In the case of Bhagwani’s restaurants, all three had commercial all-risk policies has a section under the heading “Civil Authority” that reads: “This Policy insures loss, as covered herein, which is sustained by the Insured as a result of damage caused by order of civil authority to retard or prevent a conflagration or other catastrophe.”

Before the Ontario government imposed severe social distancing restrictions in late March, Bhagwani’s three restaurants were making $500,000 put together in top line revenue. Now they have completely shut down, though Ontario restaurants are allowed to be open for takeout and delivery only.

“Countless businesses in this province may be closed forever if they do not receive prompt payment of business interruption insurance from their insurer,” says a statement of claim written by Pathik Baxi, a Brampton-based commercial litigation lawyer with Simmons da Silva LLP who is representing Bhagwani.

Generally, commercial property and casualty insurers say business interruption coverage is triggered by an insured peril on a property policy. According to this line of reasoning, if a pandemic does not damage the client’s property – even if the client had to close down – BI is generally not covered, depending on policy wording.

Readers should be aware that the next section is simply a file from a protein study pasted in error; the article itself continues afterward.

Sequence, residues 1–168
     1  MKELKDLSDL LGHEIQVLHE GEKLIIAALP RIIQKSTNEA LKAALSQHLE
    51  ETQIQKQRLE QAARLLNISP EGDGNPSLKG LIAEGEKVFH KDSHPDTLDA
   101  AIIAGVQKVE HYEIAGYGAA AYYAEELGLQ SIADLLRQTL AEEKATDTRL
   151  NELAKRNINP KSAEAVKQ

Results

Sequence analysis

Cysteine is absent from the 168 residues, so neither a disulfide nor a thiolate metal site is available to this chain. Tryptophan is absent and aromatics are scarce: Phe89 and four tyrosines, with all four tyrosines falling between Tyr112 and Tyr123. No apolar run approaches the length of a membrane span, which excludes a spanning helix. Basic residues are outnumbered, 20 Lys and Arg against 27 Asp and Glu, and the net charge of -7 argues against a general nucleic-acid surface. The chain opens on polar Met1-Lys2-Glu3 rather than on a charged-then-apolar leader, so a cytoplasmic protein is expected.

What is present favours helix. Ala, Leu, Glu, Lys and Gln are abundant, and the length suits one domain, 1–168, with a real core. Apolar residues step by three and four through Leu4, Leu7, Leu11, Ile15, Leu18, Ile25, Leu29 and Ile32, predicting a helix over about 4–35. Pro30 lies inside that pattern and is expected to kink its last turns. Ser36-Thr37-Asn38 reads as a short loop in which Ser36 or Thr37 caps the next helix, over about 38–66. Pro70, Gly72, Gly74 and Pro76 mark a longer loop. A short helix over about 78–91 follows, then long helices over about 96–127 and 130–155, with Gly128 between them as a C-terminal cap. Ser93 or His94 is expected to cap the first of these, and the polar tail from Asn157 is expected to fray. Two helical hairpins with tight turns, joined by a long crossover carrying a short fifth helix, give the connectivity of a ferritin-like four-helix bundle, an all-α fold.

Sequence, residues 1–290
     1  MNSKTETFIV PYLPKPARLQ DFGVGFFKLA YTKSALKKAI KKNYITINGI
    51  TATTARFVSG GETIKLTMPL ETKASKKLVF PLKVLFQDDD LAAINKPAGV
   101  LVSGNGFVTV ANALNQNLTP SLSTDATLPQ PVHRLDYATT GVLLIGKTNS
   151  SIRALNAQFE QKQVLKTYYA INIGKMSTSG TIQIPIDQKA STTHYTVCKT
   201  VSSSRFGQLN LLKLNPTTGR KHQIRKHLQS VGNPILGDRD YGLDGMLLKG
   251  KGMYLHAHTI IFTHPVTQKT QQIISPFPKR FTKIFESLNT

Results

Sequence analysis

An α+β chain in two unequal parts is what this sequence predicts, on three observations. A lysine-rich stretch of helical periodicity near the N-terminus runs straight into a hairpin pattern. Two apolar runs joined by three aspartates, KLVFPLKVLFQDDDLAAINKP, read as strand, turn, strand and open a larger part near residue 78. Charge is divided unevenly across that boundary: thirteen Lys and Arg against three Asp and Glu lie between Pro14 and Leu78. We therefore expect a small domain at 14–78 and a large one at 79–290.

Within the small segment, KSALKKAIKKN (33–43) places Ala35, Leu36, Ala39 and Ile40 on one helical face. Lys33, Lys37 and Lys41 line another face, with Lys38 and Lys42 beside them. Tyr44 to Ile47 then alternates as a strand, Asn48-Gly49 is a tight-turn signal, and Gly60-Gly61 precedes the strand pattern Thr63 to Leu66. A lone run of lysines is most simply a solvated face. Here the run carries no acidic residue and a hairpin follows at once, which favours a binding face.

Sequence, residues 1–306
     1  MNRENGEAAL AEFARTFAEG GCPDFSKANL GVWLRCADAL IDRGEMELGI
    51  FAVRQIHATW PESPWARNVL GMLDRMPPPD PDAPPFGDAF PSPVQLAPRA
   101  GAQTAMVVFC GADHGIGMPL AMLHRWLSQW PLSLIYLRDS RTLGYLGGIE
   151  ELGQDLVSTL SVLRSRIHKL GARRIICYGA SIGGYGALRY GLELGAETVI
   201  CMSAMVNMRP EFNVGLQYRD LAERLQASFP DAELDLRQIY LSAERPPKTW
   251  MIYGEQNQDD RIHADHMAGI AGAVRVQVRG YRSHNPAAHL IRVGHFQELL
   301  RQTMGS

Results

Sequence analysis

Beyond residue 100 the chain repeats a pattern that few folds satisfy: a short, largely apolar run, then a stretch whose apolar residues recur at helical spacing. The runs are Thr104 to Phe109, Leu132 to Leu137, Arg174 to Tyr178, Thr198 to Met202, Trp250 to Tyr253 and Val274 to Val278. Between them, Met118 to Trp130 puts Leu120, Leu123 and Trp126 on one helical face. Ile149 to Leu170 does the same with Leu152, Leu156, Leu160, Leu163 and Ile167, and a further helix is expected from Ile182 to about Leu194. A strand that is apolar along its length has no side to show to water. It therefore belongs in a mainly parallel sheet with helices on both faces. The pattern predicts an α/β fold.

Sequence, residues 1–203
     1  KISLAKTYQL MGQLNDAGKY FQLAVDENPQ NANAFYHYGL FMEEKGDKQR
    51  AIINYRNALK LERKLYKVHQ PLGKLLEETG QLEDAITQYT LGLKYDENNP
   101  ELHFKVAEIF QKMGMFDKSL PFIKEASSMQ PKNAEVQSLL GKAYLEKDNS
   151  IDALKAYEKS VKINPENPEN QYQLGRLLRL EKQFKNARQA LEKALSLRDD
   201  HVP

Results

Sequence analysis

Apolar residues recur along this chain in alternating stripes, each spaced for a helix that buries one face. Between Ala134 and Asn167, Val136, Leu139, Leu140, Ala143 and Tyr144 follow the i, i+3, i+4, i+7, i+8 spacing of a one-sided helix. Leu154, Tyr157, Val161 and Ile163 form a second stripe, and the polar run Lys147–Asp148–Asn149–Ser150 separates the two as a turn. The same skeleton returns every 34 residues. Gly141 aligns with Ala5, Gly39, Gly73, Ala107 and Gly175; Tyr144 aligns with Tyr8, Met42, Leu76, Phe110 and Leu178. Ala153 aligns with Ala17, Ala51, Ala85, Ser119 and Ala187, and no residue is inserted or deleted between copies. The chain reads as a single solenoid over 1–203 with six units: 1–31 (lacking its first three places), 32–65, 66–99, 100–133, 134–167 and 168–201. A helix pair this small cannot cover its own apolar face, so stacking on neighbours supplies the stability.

Several lawyers have told Canadian Underwriter that in any coverage dispute lawsuit arising from a pandemic-related BI claim, the key consideration will be the specific wording of that particular policy.

“I would caution policyholders to thoroughly review their specific policy language before they assume that they don’t have coverage,” Kim Winter, Kansas City, Mo.-based partner and insurance recovery practice group leader with Lathrop GPM, told Canadian Underwriter earlier. She was not commenting on any case in particular.